Ice-Shelf Rift Propagation: Computational Simulation Using a Fracture Fracture Mechanics Approach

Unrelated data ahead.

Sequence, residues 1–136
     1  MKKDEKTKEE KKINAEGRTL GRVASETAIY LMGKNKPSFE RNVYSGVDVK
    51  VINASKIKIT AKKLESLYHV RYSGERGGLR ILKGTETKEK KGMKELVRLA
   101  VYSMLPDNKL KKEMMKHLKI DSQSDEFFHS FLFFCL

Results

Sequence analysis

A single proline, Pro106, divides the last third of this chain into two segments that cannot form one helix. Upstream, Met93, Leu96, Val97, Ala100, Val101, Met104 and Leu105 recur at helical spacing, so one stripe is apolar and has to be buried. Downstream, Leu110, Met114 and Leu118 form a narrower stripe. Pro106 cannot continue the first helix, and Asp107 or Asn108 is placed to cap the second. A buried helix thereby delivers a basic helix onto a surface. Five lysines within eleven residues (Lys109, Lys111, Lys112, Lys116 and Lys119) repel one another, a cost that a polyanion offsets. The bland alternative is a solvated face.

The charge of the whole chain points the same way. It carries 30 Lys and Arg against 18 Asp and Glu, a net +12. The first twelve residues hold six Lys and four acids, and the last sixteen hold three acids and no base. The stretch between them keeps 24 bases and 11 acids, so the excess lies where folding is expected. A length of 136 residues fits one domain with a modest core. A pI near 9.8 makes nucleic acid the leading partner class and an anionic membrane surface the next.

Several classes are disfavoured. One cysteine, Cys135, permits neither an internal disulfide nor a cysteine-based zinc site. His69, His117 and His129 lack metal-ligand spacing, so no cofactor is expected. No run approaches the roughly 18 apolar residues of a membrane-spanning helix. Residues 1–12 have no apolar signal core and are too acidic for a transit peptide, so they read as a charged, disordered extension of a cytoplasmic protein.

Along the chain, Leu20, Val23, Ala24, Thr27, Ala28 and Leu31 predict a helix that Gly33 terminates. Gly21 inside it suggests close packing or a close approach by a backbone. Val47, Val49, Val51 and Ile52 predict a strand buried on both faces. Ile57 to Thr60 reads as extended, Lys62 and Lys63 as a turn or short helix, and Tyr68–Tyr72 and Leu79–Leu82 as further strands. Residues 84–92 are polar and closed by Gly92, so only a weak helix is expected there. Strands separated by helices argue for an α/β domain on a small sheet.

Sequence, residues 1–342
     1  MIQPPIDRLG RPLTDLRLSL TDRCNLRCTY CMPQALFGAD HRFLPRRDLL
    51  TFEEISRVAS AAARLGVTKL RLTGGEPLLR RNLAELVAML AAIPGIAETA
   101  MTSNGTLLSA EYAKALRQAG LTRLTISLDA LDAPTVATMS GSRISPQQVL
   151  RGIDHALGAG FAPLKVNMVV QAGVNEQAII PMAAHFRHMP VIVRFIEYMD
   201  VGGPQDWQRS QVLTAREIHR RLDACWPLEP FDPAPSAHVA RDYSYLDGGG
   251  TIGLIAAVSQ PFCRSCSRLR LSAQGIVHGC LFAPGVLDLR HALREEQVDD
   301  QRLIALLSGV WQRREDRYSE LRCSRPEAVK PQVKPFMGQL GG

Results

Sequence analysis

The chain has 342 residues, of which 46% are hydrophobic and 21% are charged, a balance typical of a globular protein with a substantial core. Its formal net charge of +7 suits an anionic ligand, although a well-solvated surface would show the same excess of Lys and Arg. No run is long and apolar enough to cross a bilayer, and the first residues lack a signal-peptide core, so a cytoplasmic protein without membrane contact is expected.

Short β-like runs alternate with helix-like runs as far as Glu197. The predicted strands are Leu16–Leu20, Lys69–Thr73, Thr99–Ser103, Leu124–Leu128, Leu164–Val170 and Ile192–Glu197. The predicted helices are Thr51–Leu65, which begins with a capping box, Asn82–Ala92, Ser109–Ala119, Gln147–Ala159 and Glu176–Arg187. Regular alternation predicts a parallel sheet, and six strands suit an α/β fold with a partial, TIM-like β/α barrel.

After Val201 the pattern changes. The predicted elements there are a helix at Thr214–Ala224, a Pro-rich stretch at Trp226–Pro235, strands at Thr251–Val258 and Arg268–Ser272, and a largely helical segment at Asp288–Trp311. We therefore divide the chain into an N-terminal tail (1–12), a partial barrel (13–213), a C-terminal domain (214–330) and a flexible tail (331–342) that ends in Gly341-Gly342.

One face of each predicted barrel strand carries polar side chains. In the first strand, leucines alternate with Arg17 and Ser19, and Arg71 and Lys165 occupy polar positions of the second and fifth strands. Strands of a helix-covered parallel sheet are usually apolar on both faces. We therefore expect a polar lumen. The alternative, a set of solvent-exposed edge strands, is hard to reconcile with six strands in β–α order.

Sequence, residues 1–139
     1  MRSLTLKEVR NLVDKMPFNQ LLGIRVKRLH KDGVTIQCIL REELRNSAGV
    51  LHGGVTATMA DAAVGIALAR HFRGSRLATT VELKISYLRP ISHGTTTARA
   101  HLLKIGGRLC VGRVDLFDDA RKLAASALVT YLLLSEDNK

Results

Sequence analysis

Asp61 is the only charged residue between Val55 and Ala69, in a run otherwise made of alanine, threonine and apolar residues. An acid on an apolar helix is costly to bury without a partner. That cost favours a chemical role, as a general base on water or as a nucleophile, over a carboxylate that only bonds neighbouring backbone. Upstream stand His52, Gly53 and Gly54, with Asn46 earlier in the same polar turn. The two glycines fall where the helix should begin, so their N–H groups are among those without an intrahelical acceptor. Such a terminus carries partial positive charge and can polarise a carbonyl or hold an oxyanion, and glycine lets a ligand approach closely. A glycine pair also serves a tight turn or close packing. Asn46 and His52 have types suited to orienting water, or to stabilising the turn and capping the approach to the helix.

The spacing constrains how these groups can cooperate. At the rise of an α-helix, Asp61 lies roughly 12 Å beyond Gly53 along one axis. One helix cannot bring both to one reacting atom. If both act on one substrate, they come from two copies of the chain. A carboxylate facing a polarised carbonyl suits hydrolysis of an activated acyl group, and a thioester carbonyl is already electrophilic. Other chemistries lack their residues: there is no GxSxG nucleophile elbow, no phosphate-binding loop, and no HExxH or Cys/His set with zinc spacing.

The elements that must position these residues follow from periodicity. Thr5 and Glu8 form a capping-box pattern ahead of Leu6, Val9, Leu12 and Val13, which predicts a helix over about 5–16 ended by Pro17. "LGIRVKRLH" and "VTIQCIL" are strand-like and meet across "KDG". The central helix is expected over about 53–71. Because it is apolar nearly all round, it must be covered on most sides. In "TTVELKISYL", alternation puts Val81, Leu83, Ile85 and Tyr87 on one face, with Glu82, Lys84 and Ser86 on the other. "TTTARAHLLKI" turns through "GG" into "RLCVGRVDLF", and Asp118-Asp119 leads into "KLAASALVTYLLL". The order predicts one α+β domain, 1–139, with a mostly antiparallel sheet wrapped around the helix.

This award supports a project to develop computational models to simulate ice-shelf rift propagation using a combination of well-established ice-shelf creep-flow models and new crevasse models, based on linear elastic fracture mechanics (LEFM). The overall objective of the proposed work is to simulate rift propagation and eventual large iceberg calving,and place those processes within a larger ice sheet and climate context. The work will proceed in stages, first developing models of single-and multiple-crevasse propagation; then using those models to evaluate propagation sensitivity to various environmental conditions; and third developing models that incorporate both crevasse propagation and advection within an ice- shelf system. Model development will be guided by and evaluated according to satellite observations of rift propagation in several characteristic locations on Antarctic ice shelves. New numerical models of fracture in ice will have applications to many problems in glaciology. The research proposed here is directed toward large rift formation in ice shelves and subsequent iceberg calving. It is motivated by the need to understand observed changes in modern ice shelves,and their connection to climate. Where it has been sampled, the sedimentary record of the Weddell Sea sector implies Peninsular ice shelf variability on millennial time scales. The ability to simulate iceberg calving in a credible way will improve our ability to reproduce such events and place the complete cycle of ice shelf advance and retreat in an ice-dynamics context. That will, in turn, enable us to place ice-shelf cycles within the climate cycles that ultimately drive ice-sheet mass balance.
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